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Index funds and the 2006-2008 run-up in agricultural commodity prices

One of the overriding questions surrounding the sudden and sharp increase in agricultural prices in the 2006-2008 period is the role of the index funds in the increase. We have written about it before, as have Derek Headey and Shenggen Fan in their IFPRI Monograph, “Reflections on the Global Food Crisis.” Those who believe that the index funds contributed significantly to the price bubble believe that commodity exchange rules need to be changed. They would like to see similar position limits and other rules put on index funds that are already in place for traditional speculative traders.

Overall, in our view, IFPRI’s Headey and Fan report on the 2006-2008 global food crisis is a solid analysis and we commend them for it. We recommend it as required reading by anyone trying to understand what brought about the “2006-2008 food crisis.” That said, there are some topics that we believe Headey and Fan glossed over too quickly or omitted completely. In previous columns we have discussed a couple of those perceived shortcomings including the role of stocks as reserves and early farmer-based efforts to boost grain prices by jumpstarting the production and use of ethanol.

We also believe Headey and Fan did not dig deeply enough into whether the index funds were important accelerators of grain prices during that time period. One concern is that Headey and Fan use language at times that suggests a lack of understanding about the futures market or at least could provide readers with a misunderstanding of terms and effects of futures trading. For example, they write, “a short futures position (involving contracts that function up to 6 months) protects against price decreases, whereas a long futures position (involving contracts of longer than 6 months) enables the holder to benefit from price increases in the longer term.” The part not included in parentheses is correct but long and short positions are not defined by the length of the contract as suggested in the parentheticals.

At another point Headey and Fan write, “these contracts are just bets on future prices, so why should a bet affect an actual price outcome?” While a single “bet” would not affect an actual price outcome, the total collection of bets or transactions in the futures markets do determine the day-to-day actual prices country elevators offer farmers for their grain as well contribute to the longer-term price discovery process.

Turning specifically to the index funds, Headey and Fan fail to fully explain how the operation of the index funds differs from the way traditional future market participants interact with the market. Producers (or elevator managers after taking possession of the commodity) use the futures market by taking short position on futures contracts to lock in a price for the commodity they are producing or have on hand. Similarly purchasers of these commodities, such as livestock producers or millers, use the futures market by taking long positions as a means to protect themselves against increases in the prices of grain required to produce their products.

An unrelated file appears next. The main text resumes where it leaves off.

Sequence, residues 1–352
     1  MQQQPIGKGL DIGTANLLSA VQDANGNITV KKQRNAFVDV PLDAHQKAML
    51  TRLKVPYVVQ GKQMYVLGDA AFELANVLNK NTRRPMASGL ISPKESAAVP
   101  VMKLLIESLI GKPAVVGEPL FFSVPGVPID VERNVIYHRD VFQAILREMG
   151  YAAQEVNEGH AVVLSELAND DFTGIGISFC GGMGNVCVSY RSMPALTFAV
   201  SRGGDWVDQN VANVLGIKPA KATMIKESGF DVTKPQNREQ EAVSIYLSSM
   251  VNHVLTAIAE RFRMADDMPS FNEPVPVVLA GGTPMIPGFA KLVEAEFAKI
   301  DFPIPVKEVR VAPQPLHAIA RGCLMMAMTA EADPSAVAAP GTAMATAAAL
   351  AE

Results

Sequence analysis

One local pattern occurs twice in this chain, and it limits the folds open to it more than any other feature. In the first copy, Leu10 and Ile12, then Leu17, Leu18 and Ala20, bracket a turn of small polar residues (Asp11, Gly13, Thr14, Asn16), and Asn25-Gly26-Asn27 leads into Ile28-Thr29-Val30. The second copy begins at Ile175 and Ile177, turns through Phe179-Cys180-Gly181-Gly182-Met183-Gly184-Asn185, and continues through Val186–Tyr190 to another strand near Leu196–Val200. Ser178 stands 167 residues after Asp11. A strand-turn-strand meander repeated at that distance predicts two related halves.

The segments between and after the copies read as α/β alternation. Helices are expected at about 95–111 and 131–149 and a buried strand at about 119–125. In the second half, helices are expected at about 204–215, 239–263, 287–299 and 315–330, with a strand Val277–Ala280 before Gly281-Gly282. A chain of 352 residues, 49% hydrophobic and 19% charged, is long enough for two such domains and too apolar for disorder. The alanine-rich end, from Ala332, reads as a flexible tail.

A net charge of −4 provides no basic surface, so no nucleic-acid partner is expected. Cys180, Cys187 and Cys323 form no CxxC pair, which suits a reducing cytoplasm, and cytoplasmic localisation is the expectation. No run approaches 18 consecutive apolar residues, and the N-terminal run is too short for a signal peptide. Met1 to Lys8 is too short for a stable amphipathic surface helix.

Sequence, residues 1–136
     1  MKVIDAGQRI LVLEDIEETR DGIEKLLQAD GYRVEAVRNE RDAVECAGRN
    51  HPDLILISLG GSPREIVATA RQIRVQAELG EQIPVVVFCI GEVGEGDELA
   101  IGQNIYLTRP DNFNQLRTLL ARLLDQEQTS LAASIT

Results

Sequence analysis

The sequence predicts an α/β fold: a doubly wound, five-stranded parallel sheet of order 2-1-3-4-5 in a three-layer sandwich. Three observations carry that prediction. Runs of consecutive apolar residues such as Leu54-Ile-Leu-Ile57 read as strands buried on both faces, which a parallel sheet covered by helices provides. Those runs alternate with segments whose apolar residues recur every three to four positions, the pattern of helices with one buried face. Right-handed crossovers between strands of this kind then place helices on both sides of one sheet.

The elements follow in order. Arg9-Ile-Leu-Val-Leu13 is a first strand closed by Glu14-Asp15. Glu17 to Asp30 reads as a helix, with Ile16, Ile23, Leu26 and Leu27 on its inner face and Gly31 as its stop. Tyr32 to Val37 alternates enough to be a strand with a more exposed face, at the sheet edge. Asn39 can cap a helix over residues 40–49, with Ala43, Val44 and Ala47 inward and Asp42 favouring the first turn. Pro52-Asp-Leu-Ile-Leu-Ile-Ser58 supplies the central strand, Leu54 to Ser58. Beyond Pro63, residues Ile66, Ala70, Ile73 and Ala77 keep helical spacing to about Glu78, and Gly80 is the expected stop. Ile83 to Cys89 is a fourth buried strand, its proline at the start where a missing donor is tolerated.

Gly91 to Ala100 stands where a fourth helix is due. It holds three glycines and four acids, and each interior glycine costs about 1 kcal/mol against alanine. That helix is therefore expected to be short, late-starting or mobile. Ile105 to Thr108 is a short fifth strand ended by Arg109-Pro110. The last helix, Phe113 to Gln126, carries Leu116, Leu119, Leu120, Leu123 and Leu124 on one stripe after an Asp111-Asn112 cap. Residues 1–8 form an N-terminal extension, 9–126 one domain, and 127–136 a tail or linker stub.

Speculators—the other traditional category of participants in futures markets—provide liquidity. They take out both long and short positions, balancing out the market. These traditional speculators may switch from long to short positions or vice versa in a matter of minutes, hours, day, or weeks based on changes in perceptions of market fundamentals, trend analyses or other reasons.

The index funds, on the other hand, are long-only. They buy futures contracts for commodities in the belief that the price in the future will be higher than the present price of that future contract—fundamentals of farm-based commodities are irrelevant to their decision. That is because the prospectus of the index fund sets forth the balance that the fund must maintain among the various commodity futures they are holding. Energy and then mineral commodities typically dominate the basket of commodities with agricultural commodities being a relatively small component.

This means that the fundamentals and/or expectations in the energy and mineral markets rein supreme—grains are along for the ride with little-to-no regard to what is happening in the grain sector. Worries during the period about the availability of oil drove up the price of crude, which caused index funds to rebalance their portfolios by making additional purchases of the other commodities to maintain the specified balance. Since the resulting price increases in agricultural commodities had virtually nothing to do with their market conditions, the record level of activity in the futures market by index funds would seem to make index funds a logical source of possible price overshooting.

At this point, the jury is still out on the importance of the “index fund effect” on farm commodity prices during 2006-2008 but, in our view, it should not be implicitly dismissed as readers could interpret it in the Headey and Fan analysis.

Daryll E. Ray holds the Blasingame Chair of Excellence in Agricultural Policy, Institute of Agriculture, University of Tennessee, and is the Director of UT’s Agricultural Policy Analysis Center (APAC). Harwood D. Schaffer is a Research Assistant Professor at APAC. (865) 974-7407; Fax: (865) 974-7298; dray@utk.edu  and  hdschaffer@utk.edu;  http://www.agpolicy.org.

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